And it had become a paradox that while government has made IPR more exclusive and stronger over the last decades, many firms have managed IP in more open and less exclusive contexts. Corporate innovation IP strategies have increasingly been about sharing ideas, learning and feedback and joint standards setting. For example, every truly great inventor has acknowledged that his or her achievement is built on integrating the achievements of others. Such findings from the business world are available to all, and also the reason for the increasing use of open source communities, creative commons licences, etc. The Big Data revolution will present new challenges to the IPR system.

Other places where more open IP strategies have been used are in relation to building business networks and increasing market share through a broader user base. There is now evidence that firms from several sectors that manage their IP in more open contexts are superior performers (in terms of turnover per employee). Exceptions and limitations of IP holders could become an essential asset to drive the economy forward.

Commercial value from IP is created via joint effort. That is, commercial aspects of successful innovations can only be realised if there is an excitement and ‘collective action’ across creators, distributors and users. Content producers, distributors and users need to work together in coordinated business models. We cannot afford anything else.

Effective IP management focuses on growing the common value pie. What stops us now from growing the value pie is not simply market failures, but coordination or business model failures.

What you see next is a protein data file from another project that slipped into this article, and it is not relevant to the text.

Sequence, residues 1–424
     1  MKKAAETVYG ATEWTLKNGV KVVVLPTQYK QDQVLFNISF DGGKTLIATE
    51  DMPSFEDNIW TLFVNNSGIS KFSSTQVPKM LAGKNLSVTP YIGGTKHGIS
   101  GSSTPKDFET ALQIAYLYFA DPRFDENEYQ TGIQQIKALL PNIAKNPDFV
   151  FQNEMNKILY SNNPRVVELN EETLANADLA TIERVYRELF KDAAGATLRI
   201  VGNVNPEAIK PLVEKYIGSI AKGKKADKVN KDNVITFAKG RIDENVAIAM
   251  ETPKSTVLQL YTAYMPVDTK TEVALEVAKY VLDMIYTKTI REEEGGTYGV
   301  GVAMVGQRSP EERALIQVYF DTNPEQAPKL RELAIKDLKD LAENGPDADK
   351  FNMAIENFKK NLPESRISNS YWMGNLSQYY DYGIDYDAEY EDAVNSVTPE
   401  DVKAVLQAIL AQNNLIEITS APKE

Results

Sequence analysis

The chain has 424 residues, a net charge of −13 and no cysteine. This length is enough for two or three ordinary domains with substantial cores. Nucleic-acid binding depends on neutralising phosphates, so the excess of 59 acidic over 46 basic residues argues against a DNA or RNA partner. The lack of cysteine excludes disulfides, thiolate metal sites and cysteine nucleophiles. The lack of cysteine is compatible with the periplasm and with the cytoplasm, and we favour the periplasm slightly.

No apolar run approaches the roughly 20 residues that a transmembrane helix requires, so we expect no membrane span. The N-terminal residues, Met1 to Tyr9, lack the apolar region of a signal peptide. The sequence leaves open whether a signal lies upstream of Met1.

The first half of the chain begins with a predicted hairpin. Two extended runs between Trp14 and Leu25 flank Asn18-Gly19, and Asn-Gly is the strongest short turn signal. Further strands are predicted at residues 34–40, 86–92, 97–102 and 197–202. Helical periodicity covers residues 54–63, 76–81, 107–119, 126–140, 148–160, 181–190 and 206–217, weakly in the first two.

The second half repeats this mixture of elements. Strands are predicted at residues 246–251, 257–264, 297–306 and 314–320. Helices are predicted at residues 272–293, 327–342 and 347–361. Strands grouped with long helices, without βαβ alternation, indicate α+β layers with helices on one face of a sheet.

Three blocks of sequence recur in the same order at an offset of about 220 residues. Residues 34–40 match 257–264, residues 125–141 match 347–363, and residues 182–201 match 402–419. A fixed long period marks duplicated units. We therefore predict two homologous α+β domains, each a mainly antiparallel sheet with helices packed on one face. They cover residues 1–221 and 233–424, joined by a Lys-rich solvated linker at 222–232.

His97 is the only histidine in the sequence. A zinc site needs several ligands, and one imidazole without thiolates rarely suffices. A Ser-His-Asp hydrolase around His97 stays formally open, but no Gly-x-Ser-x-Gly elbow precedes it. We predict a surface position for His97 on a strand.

For example, artists do not need to be poor. The entertainment industry is thriving more than ever. That 10% of artists make more than three quarters of the income – and persistently so for decades, before the digital economy – is not a market failure problem but a business model issue.

Also, effective IP enforcement must ensure that the new and novel entrepreneurial search-engines and online registers are being celebrated for their frontier thinking. They have too often been hounded for upsetting the dominant position of existing market actors. And here I speak as a defence witness from IPR court cases.

Finally, effective IP enforcement acknowledges that consumers of free online music content purchase more entertainment product, including music, DVDs, concert and cinema tickets. The evidence for this is based upon a Canadian household survey and has been accepted by the courts.

We must re-think how the new business models can incentivise and reward the idea and cultural generators, catalysts, entrepreneurs and venture capitalists in the creative spheres; but also deliver value to our consumers and users who of course also deserve the best possible options in terms of variety, quality and price.

The IP reform going through parliament is topical, relevant, timely, and certainly highlighting some controversial topics for debate.

However, deliberative democracy is as much about acknowledging opposite points of view as it is about consensus, and in British politics there also seems to be a new trend of trust, coordination and collaboration across different viewpoints.

Only such a government can make a real difference to the UK economy – the difference we now see in the IP reform passing through parliament.

For this reason, it is an especial honour to welcome our Secretary of State, Vince Cable, here today.